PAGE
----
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Accelerationists Rising: The State of U.S. Hate Crimes

Illustration by iSTOCK; Security Management

Accelerationists Rising: The State of U.S. Hate Crimes

It was a horrific act of violence. On 3 August 2019, a gunman traveled 650 miles from his home to a major Walmart in El Paso, Texas, near the U.S.–Mexico border. After walking through the store to assess the clientele, the gunman returned to his vehicle, armed himself, put on protective equipment, and re-entered the Walmart where he opened fire.

He killed 22 people and injured numerous others in the deadliest mass shooting in the United States in 2019. Along with being charged with capital murder, alleged gunman Patrick Crusius, 21, also faces 22 counts of hate crimes resulting in death, 23 hate crimes involving an attempt to kill, and 45 counts of discharging a firearm in relation to the hate crimes.

U.S. federal prosecutors based the decision to charge Crusius with hate crimes after discovering he allegedly uploaded a document to the Internet—“The Inconvenient Truth”—on the same day as the shooting.


“This attack is a response to the Hispanic invasion of Texas,” the document said, according to the U.S. Department of Justice. “They are the instigators, not me. I am simply defending my country from cultural and ethnic replacement brought on by the invasion.”

In 2019, the United States saw hate crimes rise to their highest level in a decade to 7,314 reported incidents, according to the FBI’s Uniform Crime Reporting Program’s Hate Crime Statistics, 2019.  Most striking within those reported incidents, however, was the rise in murders motivated by hate—51 in 2019 compared to 24 in 2018.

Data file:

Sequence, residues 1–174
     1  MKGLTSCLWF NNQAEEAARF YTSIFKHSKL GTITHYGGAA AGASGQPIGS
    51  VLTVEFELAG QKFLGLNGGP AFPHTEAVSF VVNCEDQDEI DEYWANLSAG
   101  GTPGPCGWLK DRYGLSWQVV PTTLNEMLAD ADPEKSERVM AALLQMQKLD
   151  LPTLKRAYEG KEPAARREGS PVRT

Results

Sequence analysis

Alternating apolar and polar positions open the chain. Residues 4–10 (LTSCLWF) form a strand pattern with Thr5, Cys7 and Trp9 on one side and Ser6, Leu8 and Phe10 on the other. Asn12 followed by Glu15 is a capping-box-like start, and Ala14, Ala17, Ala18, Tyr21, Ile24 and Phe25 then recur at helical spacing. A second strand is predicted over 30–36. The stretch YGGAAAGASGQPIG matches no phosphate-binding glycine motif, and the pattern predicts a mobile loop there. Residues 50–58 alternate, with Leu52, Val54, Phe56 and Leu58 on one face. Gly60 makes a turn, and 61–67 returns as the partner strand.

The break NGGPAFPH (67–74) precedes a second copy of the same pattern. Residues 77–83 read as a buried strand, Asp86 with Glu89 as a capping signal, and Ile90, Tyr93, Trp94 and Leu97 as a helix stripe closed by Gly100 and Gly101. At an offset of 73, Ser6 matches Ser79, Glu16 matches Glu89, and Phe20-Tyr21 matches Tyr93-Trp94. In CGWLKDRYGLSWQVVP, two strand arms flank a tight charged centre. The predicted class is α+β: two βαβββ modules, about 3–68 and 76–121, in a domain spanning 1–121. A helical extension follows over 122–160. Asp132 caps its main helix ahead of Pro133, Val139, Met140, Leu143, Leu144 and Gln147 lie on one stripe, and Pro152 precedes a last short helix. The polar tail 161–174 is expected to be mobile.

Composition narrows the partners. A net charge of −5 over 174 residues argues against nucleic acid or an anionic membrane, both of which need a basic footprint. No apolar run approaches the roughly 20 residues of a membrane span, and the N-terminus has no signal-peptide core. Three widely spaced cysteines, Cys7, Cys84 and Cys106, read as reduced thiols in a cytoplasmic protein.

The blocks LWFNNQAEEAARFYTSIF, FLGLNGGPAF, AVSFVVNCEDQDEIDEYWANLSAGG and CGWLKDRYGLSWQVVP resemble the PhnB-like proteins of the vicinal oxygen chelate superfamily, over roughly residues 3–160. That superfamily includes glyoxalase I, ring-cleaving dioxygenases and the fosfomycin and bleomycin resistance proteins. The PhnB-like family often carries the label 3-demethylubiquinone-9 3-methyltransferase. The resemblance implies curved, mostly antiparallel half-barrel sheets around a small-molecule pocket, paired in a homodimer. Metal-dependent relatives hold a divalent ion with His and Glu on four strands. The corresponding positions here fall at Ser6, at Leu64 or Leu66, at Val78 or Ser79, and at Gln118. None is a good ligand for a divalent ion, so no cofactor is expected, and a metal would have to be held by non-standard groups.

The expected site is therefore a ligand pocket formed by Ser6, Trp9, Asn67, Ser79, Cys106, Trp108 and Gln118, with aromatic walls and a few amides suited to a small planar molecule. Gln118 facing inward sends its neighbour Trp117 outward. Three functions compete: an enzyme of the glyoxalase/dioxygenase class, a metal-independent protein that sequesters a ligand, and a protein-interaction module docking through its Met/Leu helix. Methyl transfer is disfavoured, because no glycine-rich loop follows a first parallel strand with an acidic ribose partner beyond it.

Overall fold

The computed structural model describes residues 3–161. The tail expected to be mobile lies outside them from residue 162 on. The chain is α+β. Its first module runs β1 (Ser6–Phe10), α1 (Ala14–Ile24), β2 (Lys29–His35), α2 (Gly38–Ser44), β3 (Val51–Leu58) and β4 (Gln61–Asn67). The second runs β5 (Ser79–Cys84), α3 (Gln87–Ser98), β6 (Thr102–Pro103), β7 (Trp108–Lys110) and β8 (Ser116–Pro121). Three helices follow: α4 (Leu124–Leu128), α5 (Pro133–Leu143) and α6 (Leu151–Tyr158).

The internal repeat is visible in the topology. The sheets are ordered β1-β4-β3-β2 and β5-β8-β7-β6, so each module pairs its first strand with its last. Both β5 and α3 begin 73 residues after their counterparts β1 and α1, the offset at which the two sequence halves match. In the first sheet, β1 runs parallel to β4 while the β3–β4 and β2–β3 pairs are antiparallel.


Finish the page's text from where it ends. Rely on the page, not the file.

The El Paso shooting victims accounted for 22 of those deaths. And that incident is an example of what Cassie Miller, senior research analyst at the Southern Poverty Law Center, calls a troubling trend: the emergence of the accelerationist movement within the far right, which uses terroristic tactics to advance its goals.

“This wasn’t something that happened in a vacuum—it’s the reflection of a larger social movement that is focused on using violence to further their political project,” she adds.

Hate Crimes in 2019

Since the 1990s, the FBI’s Uniform Crime Reporting (UCR) Program has gathered hate crime data voluntarily submitted by law enforcement agencies throughout the United States. In 2019, 15,588 of approximately 18,000 agencies submitted data to the FBI that was compiled into the UCR’s annual report. The Western region of the United States submitted the most data, followed by the Eastern and Midwestern regions of the country, says Trudy Ford, FBI section chief of the global law enforcement support section of the FBI Criminal Justice Information Services Division.